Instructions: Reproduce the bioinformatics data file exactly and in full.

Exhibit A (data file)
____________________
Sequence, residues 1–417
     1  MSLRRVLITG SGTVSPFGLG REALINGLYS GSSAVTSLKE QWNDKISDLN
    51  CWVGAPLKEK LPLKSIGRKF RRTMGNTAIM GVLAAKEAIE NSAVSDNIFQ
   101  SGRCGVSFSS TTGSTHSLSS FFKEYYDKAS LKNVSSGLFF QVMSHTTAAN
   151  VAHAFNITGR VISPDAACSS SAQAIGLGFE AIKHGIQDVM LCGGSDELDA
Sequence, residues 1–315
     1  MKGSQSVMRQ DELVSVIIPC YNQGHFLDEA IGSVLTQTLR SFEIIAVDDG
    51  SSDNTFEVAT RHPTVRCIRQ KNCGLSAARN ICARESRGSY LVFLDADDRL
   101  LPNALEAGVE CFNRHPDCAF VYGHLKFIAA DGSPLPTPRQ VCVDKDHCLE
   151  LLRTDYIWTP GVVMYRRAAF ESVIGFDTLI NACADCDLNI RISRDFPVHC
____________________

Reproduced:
Sequence, residues 1–417
     1  MSLRRVLITG SGTVSPFGLG REALINGLYS GSSAVTSLKE QWNDKISDLN
    51  CWVGAPLKEK LPLKSIGRKF RRTMGNTAIM GVLAAKEAIE NSAVSDNIFQ
   101  SGRCGVSFSS TTGSTHSLSS FFKEYYDKAS LKNVSSGLFF QVMSHTTAAN
   151  VAHAFNITGR VISPDAACSS SAQAIGLGFE AIKHGIQDVM LCGGSDELDA
Sequence, residues 1–315
     1  MKGSQSVMRQ DELVSVIIPC YNQGHFLDEA IGSVLTQTLR SFEIIAVDDG
    51  SSDNTFEVAT RHPTVRCIRQ KNCGLSAARN ICARESRGSY LVFLDADDRL
   101  LPNALEAGVE CFNRHPDCAF VYGHLKFIAA DGSPLPTPRQ VCVDKDHCLE
   151  LLRTDYIWTP GVVMYRRAAF ESVIGFDTLI NACADCDLNI RISRDFPVHC